Average Cost of Condo Insurance

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Each condo owner insures his own unit within the larger structure.
Each condo owner insures his own unit within the larger structure. (Image: condo image by Adrian Hillman from Fotolia.com)

Owning a condominium has certain benefits over owning a traditional single-family home. You don't typically have to perform maintenance on the home, your yard work is done for you and the insurance costs are less. If you're thinking of buying a condo, you may wonder about the average cost of condo insurance, but unfortunately there is no easy answer. Condo insurance costs depend on a number of different factors.

Contents Coverage

Traditional homeowners insurance premiums are based primarily on the amount of coverage you buy for your home, but condo insurance doesn't include this coverage at all because your homeowners’ association insures the main structure. Condo insurance premiums are driven by the amount of contents coverage you buy. If you have a lot of belongings with high value, your insurance cost will be significantly higher than someone with fewer items.

Real Property Coverage

You may have to insure part of your building despite the homeowners' association insurance policy. Some HOA policies only protect up to the studs, leaving the individual owners to protect the walls and any interior attached furniture, such as cabinets, counters and ceiling fans, themselves. If you have to buy any real property coverage, your premiums will be higher than someone whose HOA policy covers the entire main structure without restriction.

Assessment Coverage

HOA policies typically have large deductibles, which means that an HOA claim can cost the association a significant amount of money. Sometimes, associations divide the deductible by the number of members in the association and assess each member the appropriate amount of money to cover it. Some insurers offer coverage on condo policies that would allow the insurer to pay this assessment for you, in exchange for increased premiums.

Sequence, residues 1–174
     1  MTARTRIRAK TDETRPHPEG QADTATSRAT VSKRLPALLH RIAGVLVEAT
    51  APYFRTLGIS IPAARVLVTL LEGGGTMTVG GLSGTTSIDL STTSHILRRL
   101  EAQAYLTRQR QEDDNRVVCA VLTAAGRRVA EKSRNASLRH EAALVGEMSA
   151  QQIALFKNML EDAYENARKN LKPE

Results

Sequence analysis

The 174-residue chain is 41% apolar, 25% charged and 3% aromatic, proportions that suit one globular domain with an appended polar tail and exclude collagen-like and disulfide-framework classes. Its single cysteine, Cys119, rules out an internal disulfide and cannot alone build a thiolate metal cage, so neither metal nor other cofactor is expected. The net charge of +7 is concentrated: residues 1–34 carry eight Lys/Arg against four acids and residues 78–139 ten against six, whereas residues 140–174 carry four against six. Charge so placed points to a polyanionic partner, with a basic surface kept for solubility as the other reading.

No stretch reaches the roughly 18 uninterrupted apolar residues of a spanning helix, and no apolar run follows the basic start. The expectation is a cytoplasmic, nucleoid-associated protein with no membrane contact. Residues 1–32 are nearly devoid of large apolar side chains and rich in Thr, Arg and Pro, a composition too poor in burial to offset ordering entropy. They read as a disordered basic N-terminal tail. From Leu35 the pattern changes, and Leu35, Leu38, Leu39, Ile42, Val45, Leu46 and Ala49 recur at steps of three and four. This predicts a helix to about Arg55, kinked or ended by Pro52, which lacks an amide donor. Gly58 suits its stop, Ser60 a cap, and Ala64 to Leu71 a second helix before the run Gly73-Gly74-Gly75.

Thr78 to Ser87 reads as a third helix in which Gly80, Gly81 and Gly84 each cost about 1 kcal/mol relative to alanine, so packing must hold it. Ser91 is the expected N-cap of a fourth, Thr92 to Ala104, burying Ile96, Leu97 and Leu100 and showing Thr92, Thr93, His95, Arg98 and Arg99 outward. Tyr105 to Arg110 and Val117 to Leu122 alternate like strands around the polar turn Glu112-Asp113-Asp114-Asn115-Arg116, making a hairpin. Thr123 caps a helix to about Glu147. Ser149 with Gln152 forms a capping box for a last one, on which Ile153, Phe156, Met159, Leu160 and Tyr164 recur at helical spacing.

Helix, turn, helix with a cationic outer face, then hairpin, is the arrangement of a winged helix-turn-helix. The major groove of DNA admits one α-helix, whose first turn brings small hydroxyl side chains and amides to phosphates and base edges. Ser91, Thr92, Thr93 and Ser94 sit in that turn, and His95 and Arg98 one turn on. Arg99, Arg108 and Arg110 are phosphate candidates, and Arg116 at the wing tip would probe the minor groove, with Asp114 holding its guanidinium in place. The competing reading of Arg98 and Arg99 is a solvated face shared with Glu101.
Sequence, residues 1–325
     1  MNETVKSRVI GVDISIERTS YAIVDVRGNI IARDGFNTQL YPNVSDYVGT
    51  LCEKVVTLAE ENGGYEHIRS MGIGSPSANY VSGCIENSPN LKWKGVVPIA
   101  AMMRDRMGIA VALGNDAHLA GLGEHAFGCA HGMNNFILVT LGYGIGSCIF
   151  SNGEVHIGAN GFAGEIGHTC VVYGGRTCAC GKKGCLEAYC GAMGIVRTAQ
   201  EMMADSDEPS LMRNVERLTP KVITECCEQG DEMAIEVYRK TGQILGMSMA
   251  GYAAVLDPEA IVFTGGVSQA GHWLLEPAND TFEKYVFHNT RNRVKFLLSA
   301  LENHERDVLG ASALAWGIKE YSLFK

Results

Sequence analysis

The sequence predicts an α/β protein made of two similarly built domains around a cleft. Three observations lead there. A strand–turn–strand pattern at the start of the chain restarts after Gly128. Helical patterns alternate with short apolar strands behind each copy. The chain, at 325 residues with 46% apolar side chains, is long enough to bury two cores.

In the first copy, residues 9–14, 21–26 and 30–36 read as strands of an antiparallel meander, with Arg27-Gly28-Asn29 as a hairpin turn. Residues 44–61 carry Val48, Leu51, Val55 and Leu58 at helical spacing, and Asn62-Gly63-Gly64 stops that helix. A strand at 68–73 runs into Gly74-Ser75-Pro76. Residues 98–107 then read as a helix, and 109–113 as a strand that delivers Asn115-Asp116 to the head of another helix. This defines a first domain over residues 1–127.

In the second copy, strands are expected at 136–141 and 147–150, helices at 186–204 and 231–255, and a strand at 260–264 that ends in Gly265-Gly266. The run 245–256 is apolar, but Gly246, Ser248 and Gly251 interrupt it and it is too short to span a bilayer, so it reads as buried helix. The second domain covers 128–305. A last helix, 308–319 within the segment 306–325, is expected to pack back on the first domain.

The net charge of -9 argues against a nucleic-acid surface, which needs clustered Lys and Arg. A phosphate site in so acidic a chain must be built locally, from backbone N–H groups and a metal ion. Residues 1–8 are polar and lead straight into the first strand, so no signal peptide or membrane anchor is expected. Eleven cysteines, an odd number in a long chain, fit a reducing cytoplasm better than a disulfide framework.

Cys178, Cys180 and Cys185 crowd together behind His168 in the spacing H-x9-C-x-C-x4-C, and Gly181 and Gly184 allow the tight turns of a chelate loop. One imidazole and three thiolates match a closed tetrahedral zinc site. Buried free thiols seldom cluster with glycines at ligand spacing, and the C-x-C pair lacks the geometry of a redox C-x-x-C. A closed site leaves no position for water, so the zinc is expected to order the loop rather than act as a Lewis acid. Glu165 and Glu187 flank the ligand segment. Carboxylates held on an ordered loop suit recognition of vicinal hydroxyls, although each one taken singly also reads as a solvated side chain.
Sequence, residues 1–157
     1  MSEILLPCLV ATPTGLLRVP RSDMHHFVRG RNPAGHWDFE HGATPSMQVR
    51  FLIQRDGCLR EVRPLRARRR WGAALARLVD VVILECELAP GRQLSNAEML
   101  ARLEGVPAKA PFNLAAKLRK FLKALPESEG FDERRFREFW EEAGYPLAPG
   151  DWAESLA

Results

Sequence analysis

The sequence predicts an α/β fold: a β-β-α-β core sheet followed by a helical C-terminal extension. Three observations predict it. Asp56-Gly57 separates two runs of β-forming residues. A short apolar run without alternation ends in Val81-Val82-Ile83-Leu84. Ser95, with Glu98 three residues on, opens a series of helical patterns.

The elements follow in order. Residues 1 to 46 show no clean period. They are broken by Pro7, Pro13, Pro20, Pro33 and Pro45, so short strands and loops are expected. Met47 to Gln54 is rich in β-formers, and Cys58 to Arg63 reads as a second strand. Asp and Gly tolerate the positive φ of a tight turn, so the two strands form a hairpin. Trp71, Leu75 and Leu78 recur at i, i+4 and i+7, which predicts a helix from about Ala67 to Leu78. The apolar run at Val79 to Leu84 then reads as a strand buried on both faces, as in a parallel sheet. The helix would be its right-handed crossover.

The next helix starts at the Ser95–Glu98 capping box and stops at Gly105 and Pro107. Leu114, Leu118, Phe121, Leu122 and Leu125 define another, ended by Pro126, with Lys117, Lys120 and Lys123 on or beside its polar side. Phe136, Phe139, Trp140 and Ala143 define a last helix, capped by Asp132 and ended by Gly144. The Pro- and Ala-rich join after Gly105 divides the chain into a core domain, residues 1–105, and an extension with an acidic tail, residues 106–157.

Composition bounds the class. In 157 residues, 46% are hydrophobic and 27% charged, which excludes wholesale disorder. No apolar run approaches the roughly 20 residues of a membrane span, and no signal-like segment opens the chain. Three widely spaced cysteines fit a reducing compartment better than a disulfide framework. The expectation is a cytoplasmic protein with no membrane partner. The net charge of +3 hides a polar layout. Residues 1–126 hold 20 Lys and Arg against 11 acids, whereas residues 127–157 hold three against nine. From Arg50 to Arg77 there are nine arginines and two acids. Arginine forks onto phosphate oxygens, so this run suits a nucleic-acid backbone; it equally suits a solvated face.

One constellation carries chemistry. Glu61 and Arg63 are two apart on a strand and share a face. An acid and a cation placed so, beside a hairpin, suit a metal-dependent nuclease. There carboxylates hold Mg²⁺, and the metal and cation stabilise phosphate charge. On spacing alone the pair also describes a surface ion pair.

Type of Building

Though condo policies don't cover the primary structure, the type and construction of your building may influence your premiums. Buildings made of brick, for example, are less likely to burn than wood frame structures, and therefore your contents are less likely to burn as well. The number of units in your building could also affect your premium rate, because a greater number of units decreases the likelihood of any fire being in your individual unit.

Insurer Discounts

Many other factors could influence your premiums as well. Some insurers offer discounts if you have sprinklers installed, if you do not use tobacco products or if you have certain safety devices like deadbolts or alarms. You may also get package discounts by having more than one type of insurance policy with the same insurer. Because of these variables, there can be a wide range of costs for condo insurance even within the same insurance company.

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